The last few months have been a time of change at the Stirling site. We have two new researchers, Kirsty Alexander and Kainde Manji (our new research fellow), who are continuing with the fieldwork interviews. Most of our participants were visited by Barbara Graham, our first research fellow. Barbara has now returned to Northern Ireland, but was glad to have met so many wonderful people from the Forth Valley and East Dunbartonshire during her time working on the Our Neighbourhoods project.
We have also ventured into new neighbourhoods by expanding the area covered for the fieldwork. In March 2016, we decided to reach out to organisations, people living with dementia and their carers from across the entire central belt of Scotland. We did this with the hope of finding more people interested in taking part in the research, and we are very pleased to report that we now have new participants from Glasgow, Edinburgh, Perth and Kinross. This means that we can understand the experiences of people living with dementia and carers who are from a range of urban and rural neighbourhoods – from those in inner cities and on the city outskirts to neighbourhoods in towns and villages.
We are very grateful to all of our 41 participants for welcoming us into their homes and sharing their experiences with us. So far 20 people living with dementia and 21 family carers have volunteered to take part in the project. We would also like to thank staff from a range of local organisations who have been more than generous with their time and effort. They have helped us network, distribute information and be in touch with potential volunteers.
As the first round of interviews come to a close, the next few months will be spent analysing our findings with our co-researchers in Manchester and Linköping ahead of commencing the second round in the Autumn.
Richard Ward, Kainde Manji and Kirsty Alexander
(University of Stirling)
Between the 27th June –1st July 2016 John Keady was invited to the Wicking Dementia Research and Education Centre, University of Tasmania, Australia to take part in an intensive week-long programme. During this time, John was filmed on dementia friendly community work for the University of Tasmania’s free Massive Open Online Course [MOOC] on understanding dementia, which last year reached over 70,000 people around the world and had the highest completion rate of any dementia MOOC in the world. Once editing has been completed and supporting learning materials written, the filming will lead to a more community orientation of the understanding dementia MOOC; John was also able to talk about the ESRC/NIHR Neighbourhoods and Dementia programme grant as part of the interview and the work going on here in Manchester and across the UK/Sweden as part of the Neighbourhoods study. During his time in Hobart, John undertook an evening public lecture with simultaneous transmission on Facebook [the video reached 1,993 Facebook users and 401 users viewed the live stream/video], completed an early morning radio interview and had a interview about the Neighbourhoods and Dementia study/dementia friendly community work published in the Mercury newspaper for Tasmania as well as lead and complete a 6 hour workshop with Centre staff.
It has been busy at the Greater Manchester site and we are extremely grateful to all those who have provided help and support. This includes all those who have offered advice on where to go and with whom to speak to find people to take part in the work, those who have provided feedback on our research design and methods for collecting data, as well as many people who have given their organisational support. Most importantly, we have been delighted by the number of people living with dementia who have volunteered to take part in the research and have told us their stories with warmth and honesty.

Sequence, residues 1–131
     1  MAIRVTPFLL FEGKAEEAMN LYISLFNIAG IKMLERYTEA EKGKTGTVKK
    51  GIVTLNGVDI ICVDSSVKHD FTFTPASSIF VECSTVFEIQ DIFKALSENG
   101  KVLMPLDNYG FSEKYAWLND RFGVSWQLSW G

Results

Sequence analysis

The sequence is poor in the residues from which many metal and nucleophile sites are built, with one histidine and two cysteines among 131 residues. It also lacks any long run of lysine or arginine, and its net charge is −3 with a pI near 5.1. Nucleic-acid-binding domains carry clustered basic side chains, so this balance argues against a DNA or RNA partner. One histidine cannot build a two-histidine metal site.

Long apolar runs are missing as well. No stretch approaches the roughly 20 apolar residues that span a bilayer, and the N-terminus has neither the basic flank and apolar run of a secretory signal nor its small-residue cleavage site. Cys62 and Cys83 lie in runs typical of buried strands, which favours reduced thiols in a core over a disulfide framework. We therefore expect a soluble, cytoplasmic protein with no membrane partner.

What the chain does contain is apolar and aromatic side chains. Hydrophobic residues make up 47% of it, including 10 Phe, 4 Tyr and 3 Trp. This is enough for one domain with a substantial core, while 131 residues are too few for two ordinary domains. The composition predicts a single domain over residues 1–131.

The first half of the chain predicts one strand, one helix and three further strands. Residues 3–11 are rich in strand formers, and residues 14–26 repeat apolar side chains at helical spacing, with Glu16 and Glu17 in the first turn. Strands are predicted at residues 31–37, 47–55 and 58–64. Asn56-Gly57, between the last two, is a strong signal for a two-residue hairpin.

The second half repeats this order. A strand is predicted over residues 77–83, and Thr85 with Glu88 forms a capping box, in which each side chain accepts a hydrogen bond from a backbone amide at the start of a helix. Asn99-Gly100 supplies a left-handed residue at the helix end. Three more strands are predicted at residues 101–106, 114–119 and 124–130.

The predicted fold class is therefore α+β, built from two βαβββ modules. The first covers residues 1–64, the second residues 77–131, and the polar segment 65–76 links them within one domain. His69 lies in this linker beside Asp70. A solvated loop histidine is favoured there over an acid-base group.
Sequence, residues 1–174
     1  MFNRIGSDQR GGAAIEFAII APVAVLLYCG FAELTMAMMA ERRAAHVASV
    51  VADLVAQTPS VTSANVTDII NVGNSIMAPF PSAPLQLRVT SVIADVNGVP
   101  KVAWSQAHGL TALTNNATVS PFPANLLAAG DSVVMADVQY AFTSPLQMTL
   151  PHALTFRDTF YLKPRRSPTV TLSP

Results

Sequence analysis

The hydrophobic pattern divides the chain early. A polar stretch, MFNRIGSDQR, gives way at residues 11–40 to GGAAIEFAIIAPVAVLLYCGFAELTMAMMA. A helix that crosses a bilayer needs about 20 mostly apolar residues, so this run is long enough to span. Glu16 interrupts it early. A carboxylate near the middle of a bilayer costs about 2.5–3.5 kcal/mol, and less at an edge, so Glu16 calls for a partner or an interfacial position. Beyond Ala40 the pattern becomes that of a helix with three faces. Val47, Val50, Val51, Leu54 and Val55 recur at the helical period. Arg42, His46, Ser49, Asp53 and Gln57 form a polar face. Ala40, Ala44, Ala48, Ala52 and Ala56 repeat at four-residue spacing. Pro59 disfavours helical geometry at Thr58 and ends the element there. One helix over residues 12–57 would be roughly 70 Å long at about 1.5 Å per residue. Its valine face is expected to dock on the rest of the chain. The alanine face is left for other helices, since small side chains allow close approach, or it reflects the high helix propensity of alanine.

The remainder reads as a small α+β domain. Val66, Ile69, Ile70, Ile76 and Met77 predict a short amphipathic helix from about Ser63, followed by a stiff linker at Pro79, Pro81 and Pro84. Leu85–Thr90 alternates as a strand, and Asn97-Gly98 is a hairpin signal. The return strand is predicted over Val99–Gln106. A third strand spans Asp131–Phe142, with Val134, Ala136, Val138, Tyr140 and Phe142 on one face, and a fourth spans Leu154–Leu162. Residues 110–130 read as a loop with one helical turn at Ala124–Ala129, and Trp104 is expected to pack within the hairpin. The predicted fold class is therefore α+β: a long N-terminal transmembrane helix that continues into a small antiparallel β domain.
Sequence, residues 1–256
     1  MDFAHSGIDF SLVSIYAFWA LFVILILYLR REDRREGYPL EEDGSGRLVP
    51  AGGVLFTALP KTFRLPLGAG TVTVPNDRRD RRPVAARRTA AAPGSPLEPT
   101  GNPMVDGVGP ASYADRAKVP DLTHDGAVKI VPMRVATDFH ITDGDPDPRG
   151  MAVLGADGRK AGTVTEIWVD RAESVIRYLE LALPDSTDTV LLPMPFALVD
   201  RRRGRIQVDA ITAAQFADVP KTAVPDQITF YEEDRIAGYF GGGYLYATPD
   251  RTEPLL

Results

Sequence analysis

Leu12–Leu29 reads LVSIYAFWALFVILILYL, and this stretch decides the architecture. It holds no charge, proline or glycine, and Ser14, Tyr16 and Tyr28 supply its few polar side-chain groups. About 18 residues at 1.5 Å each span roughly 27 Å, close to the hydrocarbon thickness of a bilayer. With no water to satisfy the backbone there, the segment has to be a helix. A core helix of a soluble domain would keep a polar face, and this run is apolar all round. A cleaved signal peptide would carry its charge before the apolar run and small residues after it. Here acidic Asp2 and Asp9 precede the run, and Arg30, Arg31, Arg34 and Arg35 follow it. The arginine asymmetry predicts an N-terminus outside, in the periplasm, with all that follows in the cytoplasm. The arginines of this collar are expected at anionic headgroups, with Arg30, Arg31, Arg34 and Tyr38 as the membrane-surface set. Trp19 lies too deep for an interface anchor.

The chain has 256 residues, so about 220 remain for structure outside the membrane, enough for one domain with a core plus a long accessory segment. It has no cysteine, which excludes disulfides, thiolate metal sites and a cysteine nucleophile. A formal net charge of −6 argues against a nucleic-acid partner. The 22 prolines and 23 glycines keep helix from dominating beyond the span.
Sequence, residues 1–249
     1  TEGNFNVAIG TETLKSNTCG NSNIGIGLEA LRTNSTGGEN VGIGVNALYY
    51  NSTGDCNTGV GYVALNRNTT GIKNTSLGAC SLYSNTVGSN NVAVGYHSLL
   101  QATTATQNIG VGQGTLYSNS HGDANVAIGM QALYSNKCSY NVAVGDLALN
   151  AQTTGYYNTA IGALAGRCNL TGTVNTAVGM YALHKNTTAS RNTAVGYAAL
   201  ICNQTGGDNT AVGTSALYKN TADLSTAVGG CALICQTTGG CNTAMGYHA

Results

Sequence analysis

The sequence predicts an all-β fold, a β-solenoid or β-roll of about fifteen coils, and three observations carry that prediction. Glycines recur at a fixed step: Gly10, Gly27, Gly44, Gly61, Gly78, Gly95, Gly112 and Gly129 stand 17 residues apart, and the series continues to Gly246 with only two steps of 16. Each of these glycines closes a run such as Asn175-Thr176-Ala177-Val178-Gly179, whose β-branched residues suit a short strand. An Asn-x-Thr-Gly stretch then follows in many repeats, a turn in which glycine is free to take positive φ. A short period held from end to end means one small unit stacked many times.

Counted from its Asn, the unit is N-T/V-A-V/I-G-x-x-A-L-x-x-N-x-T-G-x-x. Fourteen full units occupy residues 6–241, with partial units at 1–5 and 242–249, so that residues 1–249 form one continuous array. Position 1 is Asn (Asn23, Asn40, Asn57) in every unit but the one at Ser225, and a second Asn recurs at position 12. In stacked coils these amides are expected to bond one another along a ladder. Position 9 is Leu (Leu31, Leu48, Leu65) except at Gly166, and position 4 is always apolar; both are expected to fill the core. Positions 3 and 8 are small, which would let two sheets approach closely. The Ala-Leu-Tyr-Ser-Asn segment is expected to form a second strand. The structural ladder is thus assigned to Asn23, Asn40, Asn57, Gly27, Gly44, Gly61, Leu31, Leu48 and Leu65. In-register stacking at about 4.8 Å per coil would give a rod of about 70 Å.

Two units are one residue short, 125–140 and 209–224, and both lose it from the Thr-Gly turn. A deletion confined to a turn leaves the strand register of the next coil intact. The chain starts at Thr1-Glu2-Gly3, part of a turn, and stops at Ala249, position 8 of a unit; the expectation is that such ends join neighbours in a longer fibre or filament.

We set out in May 2015 hoping to find 40 people to take part and were fortunate to have 51 people volunteer, 49 of whom have gone on to take part in our research activities. We have involved 26 people living with dementia and 23 family carers. Thanks to them we are able to understand the experiences of living with dementia for a whole range of people not just those born and bred in Manchester, but also from right across the UK and overseas, and ranging in age from their late fifties to late eighties. We have spoken to people diagnosed with Young Onset Dementia, Alzheimer’s, Vascular Dementia and Pick’s disease.
Our data consists of many fascinating interviews, walks, photographs, diaries and films. Twenty-three carers have produced social network maps with us, we have been on 23 neighbourhood walks with people with dementia, completed 26 home tours, and 2 people have completed movement-diaries for us. We have been working hard to understand all the stories and information gathered and are beginning to develop some important ideas about what matters in people’s lives, where they live and the kind of support such as informal help as well as support from their neighbourhoods and communities. This analysis is also helping us to consider the sorts of things we like to ask people about when we re-visit them in the autumn of this year.
This month we are attending the British Society of Gerontology http://www.britishgerontology.org/ Annual Conference at the University of Stirling where we will present a symposium on our work from across the project sites. The symposium which is titled ‘Neighbourhoods and the new geography of dementia, care and support’ is exploring the experiences across Stirling, Manchester and Linköping as well as experiences from our sister project in Ottawa, Canada to consider about how people living with dementia and their families experience everyday life in their neighbourhoods. We have also presented our early findings at a range of events in the Greater Manchester region.
Andrew Clark and Sarah Campbell
(University of Salford and University of Manchester)